Table 3. Comparison of the Accuracy of the Results Obtained by Mixture Calibration Curve Over 0.1 - 20 µg mL-1 and Its Three Derived Calibration Curve
Actual Con.µg ml-1Calculateda µg ml-1R (%)Calculated µg ml-1R (%)Calculateda µg ml-1R (%)Calculated µg ml-1%R

Abbreviation: R, Recovered.

aThe concentration was determined by calibration curve in the range 0.1-20 in the mixture.

bConcentrations were determined as the calibration range 0.1 - 2.

cConcentrations were determined as the calibration range 3 - 9.

dConcentrations were determined as the calibration range 10 - 20 (Table 1).

5. Conclusions

The extent of the synergic effect of analytes in every determination method should be evaluated. To do so, the figure of merit of method for each analyte (accuracy, precision, sensitivity) in the chromatographic determination of mixtures should be examined and compared with those obtained from individually injected samples. Based on the results of this study, acceptable correlations (0.9 - 0.98) may result in inaccurate data. However, never trust the correlation coefficient of calibrations curves. The matrix may even makes the situation worse, while analyzing real samples. In such cases, matrix match calibration is required.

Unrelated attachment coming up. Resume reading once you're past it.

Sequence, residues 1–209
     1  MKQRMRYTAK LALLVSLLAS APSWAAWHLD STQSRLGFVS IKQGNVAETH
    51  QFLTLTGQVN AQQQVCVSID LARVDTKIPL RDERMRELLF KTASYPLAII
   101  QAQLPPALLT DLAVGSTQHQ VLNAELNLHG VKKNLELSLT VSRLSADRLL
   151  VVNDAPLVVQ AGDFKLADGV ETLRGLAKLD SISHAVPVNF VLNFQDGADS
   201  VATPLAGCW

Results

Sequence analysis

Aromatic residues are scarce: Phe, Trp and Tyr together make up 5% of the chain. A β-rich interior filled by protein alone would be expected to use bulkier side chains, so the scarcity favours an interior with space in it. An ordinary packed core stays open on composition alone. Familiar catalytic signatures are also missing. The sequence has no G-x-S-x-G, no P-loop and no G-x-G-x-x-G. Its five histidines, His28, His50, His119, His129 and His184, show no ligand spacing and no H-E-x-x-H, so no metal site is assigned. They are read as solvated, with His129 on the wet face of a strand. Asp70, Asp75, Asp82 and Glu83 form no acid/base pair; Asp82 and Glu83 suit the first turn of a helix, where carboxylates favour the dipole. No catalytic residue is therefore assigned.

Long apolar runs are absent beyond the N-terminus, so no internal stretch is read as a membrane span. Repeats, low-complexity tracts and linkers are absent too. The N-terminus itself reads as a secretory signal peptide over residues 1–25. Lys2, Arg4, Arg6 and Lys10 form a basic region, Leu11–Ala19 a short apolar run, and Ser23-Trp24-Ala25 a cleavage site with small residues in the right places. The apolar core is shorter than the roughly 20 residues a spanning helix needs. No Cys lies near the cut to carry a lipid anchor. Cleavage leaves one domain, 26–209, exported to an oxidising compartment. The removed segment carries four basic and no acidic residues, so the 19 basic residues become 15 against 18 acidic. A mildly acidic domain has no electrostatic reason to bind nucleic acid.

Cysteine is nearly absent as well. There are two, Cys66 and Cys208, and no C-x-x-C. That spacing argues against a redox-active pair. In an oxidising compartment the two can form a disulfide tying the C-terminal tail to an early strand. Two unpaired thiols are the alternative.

• 1.

    Sk O, Old H. Antibiotics and antibiotic resistance. 2011; : 23

  • 2.

    Sapkota A, Sapkota AR, Kucharski M, Burke J, McKenzie S, Walker P, et al. Aquaculture practices and potential human health risks: current knowledge and future priorities. Environ Int. 2008; 34(8) : 1215 -26 [DOI][PubMed]

  • 3.

    Dantas G, Sommer MOA, Oluwasegun RD, Church GM. Bacteria subsisting on antibiotics. Sci. 2008; 320(5872) : 100 -3 [DOI]

  • 4.

    Kang J, Duan X, Zhou L, Sun H, Tade MO, Wang S. Carbocatalytic activation of persulfate for removal of antibiotics in water solutions. Chem Eng J. 2016; 288 : 399 -405 [DOI]

  • 5.

    Ding H, Wu Y, Zou B, Lou Q, Zhang W, Zhong J, et al. Simultaneous removal and degradation characteristics of sulfonamide, tetracycline, and quinolone antibiotics by laccase-mediated oxidation coupled with soil adsorption. J Hazard Mater. 2016; 307 : 350 -8 [DOI][PubMed]

  • 6.

    Wu JT, Wu CH, Liu CY, Huang WJ. Photodegradation of sulfonamide antimicrobial compounds (sulfadiazine, sulfamethizole, sulfamethoxazole and sulfathiazole) in various UV/oxidant systems. Water Sci Technol. 2015; 71(3) : 412 -7 [DOI][PubMed]

  • 7.

    Ahmed MB, Zhou JL, Ngo HH, Guo W. Adsorptive removal of antibiotics from water and wastewater: Progress and challenges. Sci Total Environ. 2015; 532 : 112 -26 [DOI][PubMed]

  • 8.

    Shi L, Ma F, Han Y, Zhang X, Yu H. Removal of sulfonamide antibiotics by oriented immobilized laccase on Fe3O4 nanoparticles with natural mediators. J Hazard Mater. 2014; 279 : 203 -11 [DOI][PubMed]

  • Copyright © 2017, Ahvaz Jundishapur University of Medical Sciences. This is an open-access article distributed under the terms of the Creative Commons Attribution-NonCommercial 4.0 International License ( which permits copy and redistribute the material just in noncommercial usages, provided the original work is properly cited.